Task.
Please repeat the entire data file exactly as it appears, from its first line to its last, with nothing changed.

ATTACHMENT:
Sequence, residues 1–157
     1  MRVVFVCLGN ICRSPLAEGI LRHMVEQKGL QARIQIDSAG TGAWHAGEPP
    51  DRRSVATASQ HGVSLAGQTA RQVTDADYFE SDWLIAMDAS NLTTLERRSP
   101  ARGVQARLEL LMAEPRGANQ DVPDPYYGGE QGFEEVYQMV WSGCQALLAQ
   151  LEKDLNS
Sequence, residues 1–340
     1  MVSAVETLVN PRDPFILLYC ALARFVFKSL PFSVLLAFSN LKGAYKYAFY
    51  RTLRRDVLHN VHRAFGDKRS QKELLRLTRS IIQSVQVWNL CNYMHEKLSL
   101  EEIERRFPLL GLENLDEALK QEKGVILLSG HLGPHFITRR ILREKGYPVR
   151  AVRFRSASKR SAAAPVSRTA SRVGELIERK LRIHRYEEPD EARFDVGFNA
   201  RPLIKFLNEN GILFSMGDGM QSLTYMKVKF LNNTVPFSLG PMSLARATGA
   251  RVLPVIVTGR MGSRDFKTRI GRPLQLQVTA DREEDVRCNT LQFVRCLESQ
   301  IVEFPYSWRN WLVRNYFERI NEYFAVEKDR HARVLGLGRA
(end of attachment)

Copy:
Sequence, residues 1–157
     1  MRVVFVCLGN ICRSPLAEGI LRHMVEQKGL QARIQIDSAG TGAWHAGEPP
    51  DRRSVATASQ HGVSLAGQTA RQVTDADYFE SDWLIAMDAS NLTTLERRSP
   101  ARGVQARLEL LMAEPRGANQ DVPDPYYGGE QGFEEVYQMV WSGCQALLAQ
   151  LEKDLNS
Sequence, residues 1–340
     1  MVSAVETLVN PRDPFILLYC ALARFVFKSL PFSVLLAFSN LKGAYKYAFY
    51  RTLRRDVLHN VHRAFGDKRS QKELLRLTRS IIQSVQVWNL CNYMHEKLSL
   101  EEIERRFPLL GLENLDEALK QEKGVILLSG HLGPHFITRR ILREKGYPVR
   151  AVRFRSASKR SAAAPVSRTA SRVGELIERK LRIHRYEEPD EARFDVGFNA
   201  RPLIKFLNEN GILFSMGDGM QSLTYMKVKF LNNTVPFSLG PMSLARATGA
   251  RVLPVIVTGR MGSRDFKTRI GRPLQLQVTA DREEDVRCNT LQFVRCLESQ
   301  IVEFPYSWRN WLVRNYFERI NEYFAVEKDR HARVLGLGRA